How is Marital Property Division Done in Maryland
There are multiple reasons couples would consider divorce. But no matter what the ground is if you are faced with the situation and are thinking of divorcing your spouse, then there are numerous factors you should know. This includes gathering basic knowledge on divorce laws, what you need to anticipate and how to choose the best divorce lawyer in Baltimore, MD. We’ve previously addressed most of those subjects in earlier blogs, but now we will talk about how marital property division is done in Maryland. This is crucial to know because, despite the fact that Maryland is an equitable distribution state, divorce court judges don’t always divide marital properties equally. Let’s talk about this further below.
Let us first define what constitutes marital property in Maryland. Marital property is considered to be all properties that are acquired during the marriage regardless of who paid for it, with a few exceptions. Some examples of this include houses, furniture, bank accounts, cars, appliances, stocks, bonds, and the like. However, if the property was received by one spouse as a gift or an inheritance from a third party, then it is excluded from the general rule. Another exception is if the property is excluded by a valid agreement.
Such properties are known as non-marital properties. And just like exempted properties, any property that is obtained prior to the marriage is also known as non-marital property. Additionally, any property you have both acquired while living together prior to the marriage is still considered non-marital property. These properties are protected from the debts of the other spouse, and each one has the authority to dispose of such properties on their own. You can learn more about this by talking to your divorce lawyer in Baltimore, MD.
So How is Marital Property Division Done in Maryland?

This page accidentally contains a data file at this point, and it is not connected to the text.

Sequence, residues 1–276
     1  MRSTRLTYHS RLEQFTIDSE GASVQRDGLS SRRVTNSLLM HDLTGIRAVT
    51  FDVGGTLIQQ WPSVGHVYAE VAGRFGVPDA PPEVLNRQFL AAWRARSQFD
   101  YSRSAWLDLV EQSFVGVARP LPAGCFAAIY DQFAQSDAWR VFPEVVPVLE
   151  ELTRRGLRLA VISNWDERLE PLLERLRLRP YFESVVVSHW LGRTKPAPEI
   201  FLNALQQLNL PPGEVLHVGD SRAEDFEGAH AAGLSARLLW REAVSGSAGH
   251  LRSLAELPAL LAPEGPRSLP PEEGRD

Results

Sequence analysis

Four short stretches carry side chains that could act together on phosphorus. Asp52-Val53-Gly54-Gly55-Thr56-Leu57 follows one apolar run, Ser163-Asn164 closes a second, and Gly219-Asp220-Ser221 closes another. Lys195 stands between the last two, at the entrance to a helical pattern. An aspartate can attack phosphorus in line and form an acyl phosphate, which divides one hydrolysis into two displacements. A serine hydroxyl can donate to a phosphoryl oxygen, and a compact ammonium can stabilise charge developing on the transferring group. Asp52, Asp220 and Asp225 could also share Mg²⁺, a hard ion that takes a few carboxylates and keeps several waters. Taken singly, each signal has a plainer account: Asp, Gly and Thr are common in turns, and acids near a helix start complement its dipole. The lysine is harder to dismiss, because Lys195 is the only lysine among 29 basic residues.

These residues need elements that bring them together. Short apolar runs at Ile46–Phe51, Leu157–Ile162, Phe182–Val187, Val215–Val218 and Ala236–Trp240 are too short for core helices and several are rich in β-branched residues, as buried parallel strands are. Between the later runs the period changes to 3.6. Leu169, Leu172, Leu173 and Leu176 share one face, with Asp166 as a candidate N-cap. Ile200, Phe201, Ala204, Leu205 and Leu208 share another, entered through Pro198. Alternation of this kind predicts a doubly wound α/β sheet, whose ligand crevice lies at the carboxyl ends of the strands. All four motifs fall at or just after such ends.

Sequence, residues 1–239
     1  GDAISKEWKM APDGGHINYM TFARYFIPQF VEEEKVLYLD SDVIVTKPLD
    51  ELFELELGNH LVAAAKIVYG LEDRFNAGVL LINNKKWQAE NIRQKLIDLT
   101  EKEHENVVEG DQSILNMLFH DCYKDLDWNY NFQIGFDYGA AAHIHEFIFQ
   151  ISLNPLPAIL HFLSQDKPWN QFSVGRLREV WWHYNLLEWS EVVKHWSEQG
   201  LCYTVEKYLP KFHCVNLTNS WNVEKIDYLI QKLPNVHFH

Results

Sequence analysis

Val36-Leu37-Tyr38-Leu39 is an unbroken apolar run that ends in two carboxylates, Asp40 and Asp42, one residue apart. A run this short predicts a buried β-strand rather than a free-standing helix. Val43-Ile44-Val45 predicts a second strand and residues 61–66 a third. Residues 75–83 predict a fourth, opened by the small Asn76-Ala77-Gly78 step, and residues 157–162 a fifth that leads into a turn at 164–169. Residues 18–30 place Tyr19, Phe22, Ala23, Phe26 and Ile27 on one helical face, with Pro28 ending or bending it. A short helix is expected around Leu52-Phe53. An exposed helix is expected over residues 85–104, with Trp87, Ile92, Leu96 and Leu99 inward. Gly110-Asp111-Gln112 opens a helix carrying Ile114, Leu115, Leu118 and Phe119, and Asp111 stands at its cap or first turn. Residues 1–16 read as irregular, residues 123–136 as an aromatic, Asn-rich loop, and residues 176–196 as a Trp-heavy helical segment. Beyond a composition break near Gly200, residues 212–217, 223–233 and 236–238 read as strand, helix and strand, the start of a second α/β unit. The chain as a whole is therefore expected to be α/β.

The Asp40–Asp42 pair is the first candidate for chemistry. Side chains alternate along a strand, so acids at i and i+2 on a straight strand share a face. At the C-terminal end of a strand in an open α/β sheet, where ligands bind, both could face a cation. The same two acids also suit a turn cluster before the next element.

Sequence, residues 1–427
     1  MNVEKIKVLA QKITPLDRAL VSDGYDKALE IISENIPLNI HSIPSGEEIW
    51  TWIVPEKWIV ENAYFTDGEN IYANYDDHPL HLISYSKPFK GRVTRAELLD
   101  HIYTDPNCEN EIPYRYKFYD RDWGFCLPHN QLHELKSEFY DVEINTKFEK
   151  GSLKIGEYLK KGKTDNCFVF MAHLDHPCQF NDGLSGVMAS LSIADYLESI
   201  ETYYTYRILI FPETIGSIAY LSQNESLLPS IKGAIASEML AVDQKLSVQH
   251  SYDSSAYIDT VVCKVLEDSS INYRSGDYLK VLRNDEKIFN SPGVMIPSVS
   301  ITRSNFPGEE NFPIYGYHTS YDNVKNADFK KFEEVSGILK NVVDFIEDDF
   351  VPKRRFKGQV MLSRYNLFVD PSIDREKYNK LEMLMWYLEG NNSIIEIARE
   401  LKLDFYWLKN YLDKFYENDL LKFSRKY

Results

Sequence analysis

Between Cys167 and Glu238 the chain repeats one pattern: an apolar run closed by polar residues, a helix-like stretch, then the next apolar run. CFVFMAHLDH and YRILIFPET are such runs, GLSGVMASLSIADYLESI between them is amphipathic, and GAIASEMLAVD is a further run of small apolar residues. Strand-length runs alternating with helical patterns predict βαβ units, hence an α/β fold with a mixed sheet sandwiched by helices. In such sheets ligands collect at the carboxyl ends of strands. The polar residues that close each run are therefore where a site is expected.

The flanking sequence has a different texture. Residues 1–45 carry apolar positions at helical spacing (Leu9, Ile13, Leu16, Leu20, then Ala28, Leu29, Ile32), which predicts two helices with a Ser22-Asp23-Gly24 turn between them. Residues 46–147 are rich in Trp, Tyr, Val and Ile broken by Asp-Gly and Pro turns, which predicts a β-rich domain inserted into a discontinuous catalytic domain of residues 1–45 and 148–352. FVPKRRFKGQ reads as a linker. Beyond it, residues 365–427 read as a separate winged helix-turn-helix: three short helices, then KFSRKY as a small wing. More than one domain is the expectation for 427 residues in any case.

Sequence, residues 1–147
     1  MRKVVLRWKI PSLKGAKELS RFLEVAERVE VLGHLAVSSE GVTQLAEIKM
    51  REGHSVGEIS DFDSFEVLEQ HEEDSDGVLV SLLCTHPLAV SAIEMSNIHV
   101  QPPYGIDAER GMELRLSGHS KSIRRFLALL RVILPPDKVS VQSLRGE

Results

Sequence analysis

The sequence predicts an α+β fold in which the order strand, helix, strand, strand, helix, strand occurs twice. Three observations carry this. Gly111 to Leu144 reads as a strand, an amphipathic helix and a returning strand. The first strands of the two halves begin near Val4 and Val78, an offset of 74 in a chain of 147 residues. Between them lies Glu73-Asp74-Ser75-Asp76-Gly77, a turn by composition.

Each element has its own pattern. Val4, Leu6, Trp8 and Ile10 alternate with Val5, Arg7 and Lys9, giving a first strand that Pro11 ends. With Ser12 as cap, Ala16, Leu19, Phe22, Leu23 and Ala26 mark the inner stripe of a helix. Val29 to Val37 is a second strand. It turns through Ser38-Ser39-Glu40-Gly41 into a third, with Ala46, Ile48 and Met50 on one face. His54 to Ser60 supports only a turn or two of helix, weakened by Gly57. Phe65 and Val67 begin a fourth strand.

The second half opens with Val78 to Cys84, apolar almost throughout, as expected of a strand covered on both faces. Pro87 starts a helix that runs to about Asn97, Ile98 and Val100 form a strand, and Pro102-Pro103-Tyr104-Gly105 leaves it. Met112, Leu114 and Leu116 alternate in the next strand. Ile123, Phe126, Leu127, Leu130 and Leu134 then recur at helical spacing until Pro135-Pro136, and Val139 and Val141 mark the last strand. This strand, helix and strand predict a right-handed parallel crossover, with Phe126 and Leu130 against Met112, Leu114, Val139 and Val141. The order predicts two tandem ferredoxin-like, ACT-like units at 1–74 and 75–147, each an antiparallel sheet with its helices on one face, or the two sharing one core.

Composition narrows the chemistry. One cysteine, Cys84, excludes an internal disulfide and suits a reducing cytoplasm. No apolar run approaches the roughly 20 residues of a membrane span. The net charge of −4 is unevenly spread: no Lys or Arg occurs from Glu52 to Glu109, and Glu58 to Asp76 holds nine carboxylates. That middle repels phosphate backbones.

If both parties can agree on how they want to divide their marital properties, then they will no longer need the assistance of the court. However, in cases where parties do not have an agreement, the decision falls to Maryland’s Marital Property Act which governs the division of property. Under this act, all marital properties will be subject to equitable distribution.
The court will consider several factors before deciding how to divide marital properties, and these include:
- The contribution of each spouse to the well-being of the family (both financially and otherwise)
- Each spouse’s economic circumstance
- The duration of the marriage
- When and how specific marital properties were acquired
- The physical and mental as well as age and health condition of each spouse.
- Whether either spouse has contributed their own separate property to property that both of them own as tenants by the entirety.
- Whether the court has awarded either party possession of the family home or alimony.
- All other factors that the court may consider as necessary to create a fair and equitable division of properties. (Md. Code Ann. Fam. Law 8-205 (b).)
This is a short and basic overview of how marital property division is done in Maryland. To get a full understanding of how it is done, book a consultation with Attorney Richard J. Hackerman, and he will tell you more about it. Attorney Richard J. Hackerman is an experienced divorce lawyer in Baltimore, MD with several practice areas.